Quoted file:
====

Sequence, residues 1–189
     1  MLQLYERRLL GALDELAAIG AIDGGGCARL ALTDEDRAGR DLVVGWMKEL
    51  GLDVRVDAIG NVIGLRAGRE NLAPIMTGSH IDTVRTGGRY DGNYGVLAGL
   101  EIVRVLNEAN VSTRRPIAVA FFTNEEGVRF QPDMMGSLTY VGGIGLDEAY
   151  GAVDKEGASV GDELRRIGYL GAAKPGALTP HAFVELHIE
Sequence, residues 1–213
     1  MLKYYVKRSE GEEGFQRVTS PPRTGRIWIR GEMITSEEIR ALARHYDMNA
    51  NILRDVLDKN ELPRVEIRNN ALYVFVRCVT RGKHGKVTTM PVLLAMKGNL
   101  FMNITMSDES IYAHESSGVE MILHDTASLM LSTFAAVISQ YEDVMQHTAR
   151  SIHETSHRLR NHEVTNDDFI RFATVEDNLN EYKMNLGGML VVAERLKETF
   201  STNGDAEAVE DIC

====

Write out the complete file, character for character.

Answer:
Sequence, residues 1–189
     1  MLQLYERRLL GALDELAAIG AIDGGGCARL ALTDEDRAGR DLVVGWMKEL
    51  GLDVRVDAIG NVIGLRAGRE NLAPIMTGSH IDTVRTGGRY DGNYGVLAGL
   101  EIVRVLNEAN VSTRRPIAVA FFTNEEGVRF QPDMMGSLTY VGGIGLDEAY
   151  GAVDKEGASV GDELRRIGYL GAAKPGALTP HAFVELHIE
Sequence, residues 1–213
     1  MLKYYVKRSE GEEGFQRVTS PPRTGRIWIR GEMITSEEIR ALARHYDMNA
    51  NILRDVLDKN ELPRVEIRNN ALYVFVRCVT RGKHGKVTTM PVLLAMKGNL
   101  FMNITMSDES IYAHESSGVE MILHDTASLM LSTFAAVISQ YEDVMQHTAR
   151  SIHETSHRLR NHEVTNDDFI RFATVEDNLN EYKMNLGGML VVAERLKETF
   201  STNGDAEAVE DIC